Addressing the 4-Day Workweek
The 4-day workweek might seem like a far-fetched dream to some. To receive the same pay for less hours. Where every weekend feels like a long weekend. However, many argue in its favour, holding the position that companies can maintain profits and productivity with only four days. In this article we are going to start by covering the history of the workweek. Next, we will go over the pros and cons of a 4-day schedule. Finishing the discussion by talking about practical real-life experiments and their outcomes. Hopefully, covering these areas will give you some personal insight into whether the 4-day workweek is the right choice.
The history of the workweek
History repeats itself. If you find the idea of cutting one day out of the workweek farfetched, you’re not alone. If you think that productivity will fall, and laziness will rise, you’re not alone. The arguments against the 5-day workweek follow a similar pattern. Prior to the early 1900s, a 6-day workweek was the common schedule with only one day allocated for rest.
Dropping the workweek by another day was the result of early 1900s union advocacy in combination with the industrial revolution. Now, the idea of a six-day workweek is a gruelling concept. If we introduce the 4-day workweek now, down the line a 5-day workweek may be seen as exhausting as well. The luxury of the 4-day workweek will be seen as commonplace. We can interpret this as an increase in laziness. However, would the workers of a 6-day workweek not look at us the same way? And are we not better off for the workweek we have?
According to Clockify, from the 1950s the need for weekly hours has significantly dropped. They found that the amount of hours required for a given level of output today, is less than half what it was in the 1950s. Surely then, we could afford to drop another day off our works schedules. Leaving technology and automated processes to pick up the slack.
The pros of a 4-day workweek
Happier employees: It’s obvious to start by saying that the 4-day workweek is going to bring around happier, healthier employees. A 3-day weekend allows employees more free time and creates a stronger work-life balance. This is especially relevant for those with families, who may wish to take on a stronger parental responsibility. This happiness can then lead to higher employee satisfaction, retention, and better company culture.
Increased productivity: A pro which may not be your first thought is an increase in productivity. Yet, an in-depth study by Stanford university revealed a clear correlation between the two factors. Showing that overworked employees are less productive, providing support for the 4-day workweek.
Equal opportunities: Dropping the workweek by an extra day empowers mothers to join the workforce. Research on the Gender Pay Gap done by the Government Equalities Office showed that childcare was a major factor. Roughly two million British people are not in employment due to childcare, 89% of these people are women. As a reduced workweek allows for better work-life balance, it provides the opportunity for more mothers to enter the workforce.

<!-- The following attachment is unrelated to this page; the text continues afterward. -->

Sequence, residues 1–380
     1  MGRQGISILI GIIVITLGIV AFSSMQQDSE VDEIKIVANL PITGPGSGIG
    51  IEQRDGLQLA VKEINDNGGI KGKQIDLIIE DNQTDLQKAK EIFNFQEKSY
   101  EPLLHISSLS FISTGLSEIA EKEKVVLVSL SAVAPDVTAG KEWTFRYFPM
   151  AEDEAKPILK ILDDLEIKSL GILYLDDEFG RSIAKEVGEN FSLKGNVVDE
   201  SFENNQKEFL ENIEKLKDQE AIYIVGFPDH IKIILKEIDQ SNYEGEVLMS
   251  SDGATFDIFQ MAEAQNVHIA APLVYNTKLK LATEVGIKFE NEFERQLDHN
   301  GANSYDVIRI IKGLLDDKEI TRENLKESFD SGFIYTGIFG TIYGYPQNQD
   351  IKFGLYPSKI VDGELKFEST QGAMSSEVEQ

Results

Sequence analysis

Reduced costs: Closing the office for an extra day will drive down your companies running costs. Saving money on electricity, water, rent, and the lot.
The disadvantages of a 4-day workweek
It’s not suited for every business: Sometimes you need an employee in every day. Depending on the workload undertaken by the average employee, a 4-day workweek may not seem viable. Deadlines may not be as flexible, and employees may not be able to reach them working a shorter week.
It impacts customer satisfaction: Customers may become annoyed that they cannot access your services on a certain day. Or that there is no one there to pick up the phones. If you consistently communicate with clients, new or old, a 4-day workweek may not be the right approach.
Thankfully for us, some companies have already taken the plunge into the 4-day workweek. Testing it out on their own, to be watched and observed.
Perpetual Guardian, a New Zealand company focusing on estate planning ran a test on the 4-day workweek. What they found was maintained productivity level in employees. With additional improvements in job satisfaction, teamwork, work/life balance and company loyalty. Adding to this, there was a reported decrease in stress from 45% to 38%.
We can also turn to national data to inform the relationship between working hours and productivity. For example, Japan is notorious for overworked employees. With reports of workers falling asleep in public and on trains after pulling long hours. With these high weekly hours, the country ranked 20th out of 35 countries for productivity. On the other hand, some of the worlds more productive countries like Norway and Denmark worked significantly less. With weekly estimates falling in around 27 hours a week. This is on-par with what a potential 4-day workweek could look like.
Should you introduce the 4-day workweek?
In order to know whether a 4-day workweek is the right fit, you have to do more than look at other companies. It requires an in-depth understanding of your own company, and your employees. A CiVS employee survey can help you enrich this understanding. A survey allows you to obtain honest, anonymous responses from employees, and produce rich insights.
Spark your interest? contact the CiVS team at firstname.lastname@example.org or give us a call at (08) 6314 0580.